Two socially insecure teenagers are at the center of the anime movie on Netflix, Words Bubble Up Like Soda Pop (2020).

Japanese anime can be weird to Western eyes, and this one is (to my eyes, anyway). But, really, I finally consider it more imaginative than weird, with a delicate story that is easy to follow. And the kids are relatable. Words is a romance: a boy known as Cherry wears headphones to help avoid human interaction; Smile, the girl who likes him, hides with a mouth mask the buck teeth with braces she is embarrassed by. These two are simply unformed, inexperienced, notwithstanding Smile’s admirable talent with online videos. But it’s time to mature, even to make a connection of sorts with a declining old man.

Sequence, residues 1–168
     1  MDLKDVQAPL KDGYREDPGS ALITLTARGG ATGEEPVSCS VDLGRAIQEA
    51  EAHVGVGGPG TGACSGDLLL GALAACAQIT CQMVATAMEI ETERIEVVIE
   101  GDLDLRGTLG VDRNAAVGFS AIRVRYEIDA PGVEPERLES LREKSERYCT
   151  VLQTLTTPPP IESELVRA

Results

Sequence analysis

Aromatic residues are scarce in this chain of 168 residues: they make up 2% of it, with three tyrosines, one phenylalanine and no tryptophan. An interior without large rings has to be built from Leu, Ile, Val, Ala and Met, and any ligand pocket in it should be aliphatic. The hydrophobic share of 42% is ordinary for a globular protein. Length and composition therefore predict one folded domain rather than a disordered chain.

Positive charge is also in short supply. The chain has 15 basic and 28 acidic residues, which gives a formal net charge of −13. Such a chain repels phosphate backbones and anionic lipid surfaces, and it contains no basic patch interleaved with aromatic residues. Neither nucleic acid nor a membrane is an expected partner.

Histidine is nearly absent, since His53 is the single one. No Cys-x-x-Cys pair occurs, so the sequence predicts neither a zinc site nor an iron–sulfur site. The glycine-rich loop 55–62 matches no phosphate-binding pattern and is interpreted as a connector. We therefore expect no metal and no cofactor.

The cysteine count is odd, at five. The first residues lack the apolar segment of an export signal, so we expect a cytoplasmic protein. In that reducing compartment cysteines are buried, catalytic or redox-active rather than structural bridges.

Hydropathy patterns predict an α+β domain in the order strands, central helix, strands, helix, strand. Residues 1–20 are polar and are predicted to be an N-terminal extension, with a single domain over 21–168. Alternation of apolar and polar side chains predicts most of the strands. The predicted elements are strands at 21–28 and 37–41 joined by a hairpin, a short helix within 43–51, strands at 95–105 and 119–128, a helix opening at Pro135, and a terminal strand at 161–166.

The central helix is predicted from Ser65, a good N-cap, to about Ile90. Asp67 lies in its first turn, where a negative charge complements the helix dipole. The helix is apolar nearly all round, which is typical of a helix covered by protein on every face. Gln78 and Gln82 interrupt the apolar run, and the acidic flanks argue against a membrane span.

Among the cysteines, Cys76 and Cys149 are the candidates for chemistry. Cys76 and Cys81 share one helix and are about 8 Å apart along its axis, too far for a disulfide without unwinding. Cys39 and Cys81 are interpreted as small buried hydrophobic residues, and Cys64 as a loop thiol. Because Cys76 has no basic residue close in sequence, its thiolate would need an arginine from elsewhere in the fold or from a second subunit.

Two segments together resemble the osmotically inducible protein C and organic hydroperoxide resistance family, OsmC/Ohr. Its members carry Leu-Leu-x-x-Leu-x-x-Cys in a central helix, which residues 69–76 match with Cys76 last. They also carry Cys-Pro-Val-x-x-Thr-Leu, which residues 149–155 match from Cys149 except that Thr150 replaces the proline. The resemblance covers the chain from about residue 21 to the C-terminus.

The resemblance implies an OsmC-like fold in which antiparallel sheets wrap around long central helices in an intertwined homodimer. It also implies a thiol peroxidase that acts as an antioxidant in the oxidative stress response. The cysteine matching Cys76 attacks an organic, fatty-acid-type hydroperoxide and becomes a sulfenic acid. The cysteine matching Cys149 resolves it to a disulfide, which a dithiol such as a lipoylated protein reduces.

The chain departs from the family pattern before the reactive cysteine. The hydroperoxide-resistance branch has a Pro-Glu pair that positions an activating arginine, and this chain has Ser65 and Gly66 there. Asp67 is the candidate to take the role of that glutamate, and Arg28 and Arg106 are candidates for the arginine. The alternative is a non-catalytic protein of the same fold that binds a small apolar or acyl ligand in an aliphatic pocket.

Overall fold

Directed by Kyohei Ishiguro, the film is chaste and amusing. Alas, it churns out easy answers for its challenging situations, but before we get there it’s a pleasant trip. As often with anime, the visuals are enchanting and beautifully on-point. The pic reminds me a little of the anime TV series Wotakoi: Love is Hard for Otaku (whose first season I saw on Amazon Prime) except, happily, it has no interest in homoerotic rags.